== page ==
Also important are Scofield's and Dupre's "cotton picking" sacks, which conjure up images of enslaved black Africans toiling in the cotton fields on countless Southern plantations. During the riot, Dupre uses his sack to carry loot. Dupre's vision — his version of the American Dream — is to fill his sack with $10 bills and return to the South.
Similarly, merging images of the race war and the riding race metaphor with horse racing by alluding to horses and riders, Ellison plays on the word "race." The most detailed of these images is that of Ras on his "great black horse." A secondary image is the juxtaposition of the famous racehorse, Man o' War, and the equally famous (but forgotten) jockey, Earle Sande. By introducing these two figures along with the image of The Lone Ranger and his horse, Silver, Ellison points out a dual irony of America's racist society: Not only do Americans remember the horse (Man o' War) but not the jockey (Earle Sande), they are more likely to remember a fictional white character (The Lone Ranger) than a factual black figure (Sande). Finally, from the moment the narrator becomes involved in the riot to the moment he falls down the manhole into the coal cellar, he tries desperately to get back to Mary's, a place that still represents his only source of safety and refuge. It is only when he finally rids himself of his past by burning the items in his briefcase that he is able to become whole in his hole and envision a life without illusion.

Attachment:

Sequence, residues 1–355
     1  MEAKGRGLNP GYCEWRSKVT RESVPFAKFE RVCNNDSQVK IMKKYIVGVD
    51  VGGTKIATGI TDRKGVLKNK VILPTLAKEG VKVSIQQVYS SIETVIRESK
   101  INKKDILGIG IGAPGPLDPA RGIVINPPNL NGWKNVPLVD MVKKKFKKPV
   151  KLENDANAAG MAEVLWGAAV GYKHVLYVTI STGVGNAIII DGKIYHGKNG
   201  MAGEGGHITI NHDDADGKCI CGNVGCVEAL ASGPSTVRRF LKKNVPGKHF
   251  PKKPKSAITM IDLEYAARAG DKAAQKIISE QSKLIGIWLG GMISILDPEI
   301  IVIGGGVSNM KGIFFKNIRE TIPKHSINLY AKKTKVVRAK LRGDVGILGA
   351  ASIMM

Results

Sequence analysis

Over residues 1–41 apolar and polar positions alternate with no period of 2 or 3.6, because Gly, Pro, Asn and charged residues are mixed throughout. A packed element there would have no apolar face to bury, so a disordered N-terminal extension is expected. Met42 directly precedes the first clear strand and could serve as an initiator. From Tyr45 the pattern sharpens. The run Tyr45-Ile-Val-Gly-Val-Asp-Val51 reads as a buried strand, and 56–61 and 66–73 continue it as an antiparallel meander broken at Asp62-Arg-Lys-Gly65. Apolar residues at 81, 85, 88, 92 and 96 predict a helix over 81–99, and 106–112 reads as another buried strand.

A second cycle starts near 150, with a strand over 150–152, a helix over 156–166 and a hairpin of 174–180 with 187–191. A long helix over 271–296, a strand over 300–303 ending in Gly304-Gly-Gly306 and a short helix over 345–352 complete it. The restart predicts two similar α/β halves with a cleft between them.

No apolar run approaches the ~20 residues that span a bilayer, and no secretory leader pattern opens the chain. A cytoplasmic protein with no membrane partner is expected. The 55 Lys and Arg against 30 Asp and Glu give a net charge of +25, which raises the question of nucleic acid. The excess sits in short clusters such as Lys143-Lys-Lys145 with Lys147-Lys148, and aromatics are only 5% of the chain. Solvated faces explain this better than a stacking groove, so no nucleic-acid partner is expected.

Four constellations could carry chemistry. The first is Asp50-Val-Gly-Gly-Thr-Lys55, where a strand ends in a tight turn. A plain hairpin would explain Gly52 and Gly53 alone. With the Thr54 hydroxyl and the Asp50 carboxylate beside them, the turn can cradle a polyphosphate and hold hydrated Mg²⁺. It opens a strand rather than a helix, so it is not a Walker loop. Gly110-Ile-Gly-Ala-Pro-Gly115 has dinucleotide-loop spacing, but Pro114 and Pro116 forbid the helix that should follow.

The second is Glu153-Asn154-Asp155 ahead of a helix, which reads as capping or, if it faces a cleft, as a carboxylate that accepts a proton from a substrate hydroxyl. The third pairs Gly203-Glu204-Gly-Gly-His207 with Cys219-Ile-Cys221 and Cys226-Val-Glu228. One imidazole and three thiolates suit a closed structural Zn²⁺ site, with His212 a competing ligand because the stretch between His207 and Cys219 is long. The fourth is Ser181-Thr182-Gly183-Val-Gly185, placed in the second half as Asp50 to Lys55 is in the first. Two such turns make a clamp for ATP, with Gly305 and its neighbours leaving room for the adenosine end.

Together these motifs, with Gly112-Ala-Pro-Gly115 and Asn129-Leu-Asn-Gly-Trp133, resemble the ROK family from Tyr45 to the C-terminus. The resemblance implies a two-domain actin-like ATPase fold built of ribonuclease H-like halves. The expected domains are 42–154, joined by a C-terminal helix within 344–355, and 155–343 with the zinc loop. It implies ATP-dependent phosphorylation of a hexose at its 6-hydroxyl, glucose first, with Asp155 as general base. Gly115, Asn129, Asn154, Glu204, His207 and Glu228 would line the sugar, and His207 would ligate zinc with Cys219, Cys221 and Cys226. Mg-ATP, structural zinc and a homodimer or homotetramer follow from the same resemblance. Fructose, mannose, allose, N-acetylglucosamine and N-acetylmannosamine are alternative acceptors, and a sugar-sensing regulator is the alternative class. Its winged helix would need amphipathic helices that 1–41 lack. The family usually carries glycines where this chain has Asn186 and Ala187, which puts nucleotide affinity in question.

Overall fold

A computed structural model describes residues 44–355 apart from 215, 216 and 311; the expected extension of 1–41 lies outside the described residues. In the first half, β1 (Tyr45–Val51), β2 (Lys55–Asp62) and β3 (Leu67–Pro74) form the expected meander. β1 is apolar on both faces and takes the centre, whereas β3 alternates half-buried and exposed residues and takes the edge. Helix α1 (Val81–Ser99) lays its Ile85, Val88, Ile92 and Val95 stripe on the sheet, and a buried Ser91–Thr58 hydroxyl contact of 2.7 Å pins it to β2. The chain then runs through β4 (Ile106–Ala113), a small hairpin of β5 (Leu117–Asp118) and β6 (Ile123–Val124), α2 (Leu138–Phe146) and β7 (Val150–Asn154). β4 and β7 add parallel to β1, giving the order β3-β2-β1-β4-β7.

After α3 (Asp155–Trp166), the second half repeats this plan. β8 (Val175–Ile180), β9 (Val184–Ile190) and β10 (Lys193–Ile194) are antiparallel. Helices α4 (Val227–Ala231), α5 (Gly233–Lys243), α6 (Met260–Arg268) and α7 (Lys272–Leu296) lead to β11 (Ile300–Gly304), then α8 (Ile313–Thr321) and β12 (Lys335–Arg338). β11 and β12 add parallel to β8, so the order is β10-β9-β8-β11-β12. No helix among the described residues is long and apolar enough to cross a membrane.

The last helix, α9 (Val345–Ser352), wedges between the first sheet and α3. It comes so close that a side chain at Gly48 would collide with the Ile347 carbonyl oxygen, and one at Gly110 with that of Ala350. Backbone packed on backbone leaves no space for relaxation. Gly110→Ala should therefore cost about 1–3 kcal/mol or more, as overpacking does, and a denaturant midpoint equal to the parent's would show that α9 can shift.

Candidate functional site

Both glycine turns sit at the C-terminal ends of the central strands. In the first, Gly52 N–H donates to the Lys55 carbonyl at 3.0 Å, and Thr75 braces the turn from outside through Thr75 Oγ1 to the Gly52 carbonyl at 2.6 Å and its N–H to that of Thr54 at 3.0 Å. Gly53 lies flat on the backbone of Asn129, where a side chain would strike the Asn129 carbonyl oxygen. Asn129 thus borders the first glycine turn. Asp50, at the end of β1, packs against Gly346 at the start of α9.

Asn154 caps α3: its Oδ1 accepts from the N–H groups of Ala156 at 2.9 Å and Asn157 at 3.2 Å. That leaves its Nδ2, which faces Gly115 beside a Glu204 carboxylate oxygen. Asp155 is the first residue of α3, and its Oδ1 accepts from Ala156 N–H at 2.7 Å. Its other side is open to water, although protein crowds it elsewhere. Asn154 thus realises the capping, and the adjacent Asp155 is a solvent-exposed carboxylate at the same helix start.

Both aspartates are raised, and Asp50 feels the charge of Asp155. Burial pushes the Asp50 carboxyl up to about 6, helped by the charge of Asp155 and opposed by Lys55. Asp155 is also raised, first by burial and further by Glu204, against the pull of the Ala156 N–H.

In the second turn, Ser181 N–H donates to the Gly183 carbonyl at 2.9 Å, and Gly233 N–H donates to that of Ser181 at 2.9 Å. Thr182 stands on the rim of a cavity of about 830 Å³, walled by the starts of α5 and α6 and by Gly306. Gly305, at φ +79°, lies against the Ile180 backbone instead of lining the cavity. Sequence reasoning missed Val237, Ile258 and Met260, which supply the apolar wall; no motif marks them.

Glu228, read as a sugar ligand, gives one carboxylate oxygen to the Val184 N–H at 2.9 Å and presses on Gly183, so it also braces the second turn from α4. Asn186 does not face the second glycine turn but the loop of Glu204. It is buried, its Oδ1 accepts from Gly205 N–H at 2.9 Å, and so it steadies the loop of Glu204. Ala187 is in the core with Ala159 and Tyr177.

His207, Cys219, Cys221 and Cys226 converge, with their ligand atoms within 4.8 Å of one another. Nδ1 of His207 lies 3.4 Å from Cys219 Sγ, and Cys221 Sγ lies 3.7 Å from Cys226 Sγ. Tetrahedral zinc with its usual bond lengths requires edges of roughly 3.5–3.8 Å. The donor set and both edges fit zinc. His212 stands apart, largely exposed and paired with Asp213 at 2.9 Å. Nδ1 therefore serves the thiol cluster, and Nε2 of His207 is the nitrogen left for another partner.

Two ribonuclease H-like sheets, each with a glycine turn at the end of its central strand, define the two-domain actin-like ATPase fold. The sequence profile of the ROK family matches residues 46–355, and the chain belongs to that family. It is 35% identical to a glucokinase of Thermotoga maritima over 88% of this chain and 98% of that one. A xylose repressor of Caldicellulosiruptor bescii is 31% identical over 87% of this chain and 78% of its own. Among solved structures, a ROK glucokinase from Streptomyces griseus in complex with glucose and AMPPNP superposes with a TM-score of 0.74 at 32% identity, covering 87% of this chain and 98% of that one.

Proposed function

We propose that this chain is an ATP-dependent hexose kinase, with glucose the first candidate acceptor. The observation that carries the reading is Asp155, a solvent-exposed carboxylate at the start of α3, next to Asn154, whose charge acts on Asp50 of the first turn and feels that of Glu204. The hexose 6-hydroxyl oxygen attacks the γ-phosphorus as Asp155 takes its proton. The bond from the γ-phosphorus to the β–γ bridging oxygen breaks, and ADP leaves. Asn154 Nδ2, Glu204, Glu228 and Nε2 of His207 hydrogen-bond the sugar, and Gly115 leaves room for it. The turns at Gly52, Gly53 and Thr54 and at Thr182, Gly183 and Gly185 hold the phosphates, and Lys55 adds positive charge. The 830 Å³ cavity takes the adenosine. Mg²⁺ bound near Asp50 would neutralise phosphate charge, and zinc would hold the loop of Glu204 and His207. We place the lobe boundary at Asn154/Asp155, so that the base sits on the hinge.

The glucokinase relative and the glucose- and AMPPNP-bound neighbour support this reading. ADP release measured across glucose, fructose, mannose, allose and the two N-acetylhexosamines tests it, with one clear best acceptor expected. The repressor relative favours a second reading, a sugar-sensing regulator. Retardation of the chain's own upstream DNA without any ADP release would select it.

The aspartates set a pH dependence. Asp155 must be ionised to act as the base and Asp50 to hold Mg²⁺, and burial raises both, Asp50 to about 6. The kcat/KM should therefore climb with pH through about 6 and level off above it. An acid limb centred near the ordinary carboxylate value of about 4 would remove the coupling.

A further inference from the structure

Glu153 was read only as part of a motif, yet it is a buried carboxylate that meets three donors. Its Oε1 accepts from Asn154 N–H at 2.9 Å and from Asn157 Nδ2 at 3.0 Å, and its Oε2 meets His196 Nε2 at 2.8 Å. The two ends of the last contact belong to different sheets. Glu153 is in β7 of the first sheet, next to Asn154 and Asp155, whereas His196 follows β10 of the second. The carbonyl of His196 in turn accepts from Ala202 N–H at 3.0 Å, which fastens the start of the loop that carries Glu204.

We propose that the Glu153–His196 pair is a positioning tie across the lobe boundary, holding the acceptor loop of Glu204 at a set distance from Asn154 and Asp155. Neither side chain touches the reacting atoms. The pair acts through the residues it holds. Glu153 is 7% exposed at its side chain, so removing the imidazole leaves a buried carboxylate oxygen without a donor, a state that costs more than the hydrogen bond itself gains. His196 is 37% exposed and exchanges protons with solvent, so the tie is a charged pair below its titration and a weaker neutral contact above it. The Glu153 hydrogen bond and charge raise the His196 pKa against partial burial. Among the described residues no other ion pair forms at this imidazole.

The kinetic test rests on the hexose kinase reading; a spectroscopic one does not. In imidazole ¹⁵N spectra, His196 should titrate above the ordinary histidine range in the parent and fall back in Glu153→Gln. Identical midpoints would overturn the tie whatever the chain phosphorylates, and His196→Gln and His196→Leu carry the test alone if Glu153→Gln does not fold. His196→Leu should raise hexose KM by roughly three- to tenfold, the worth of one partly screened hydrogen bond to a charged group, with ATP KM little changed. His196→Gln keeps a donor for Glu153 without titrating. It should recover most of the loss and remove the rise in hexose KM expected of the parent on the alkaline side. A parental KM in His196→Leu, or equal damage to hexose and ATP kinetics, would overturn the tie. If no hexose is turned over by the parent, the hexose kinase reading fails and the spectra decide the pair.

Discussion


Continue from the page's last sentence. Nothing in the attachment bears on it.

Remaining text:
Men who seemed to rise up out of the sidewalks . . . allusion to the story of Jason and the Argonauts' "Quest of the Golden Fleece." To prove himself worthy of the Golden Fleece, Jason — by order of King Aetes — must sow a field with dragon's teeth, which spring up into a "crop" of armed men and attack him. With the help of Medea, the king's daughter, he defeats the men and escapes with the Golden Fleece.
Joe Louis born Joe Louis Barrow (1914-81); U.S. boxer, world heavyweight champion from 1937 to 1949
t-bees reference to tuberculosis, an infectious lung disease often referred to as TB.
ex post facto done or made afterward.
fusillade a simultaneous or rapid and continuous discharge of many firearms.
Earle Sande (sic) Earl Sande (1898-1968), a black jockey inducted into the Sports Hall of Fame for riding Gallant Fox to horse racing's Triple Crown in 1930.
Man o' War legendary race horse (1917-1947) that set three world records and two American records.
Heigho . . . Silver allusion to The Lone Ranger, a TV western popular during the 1940s and 50s.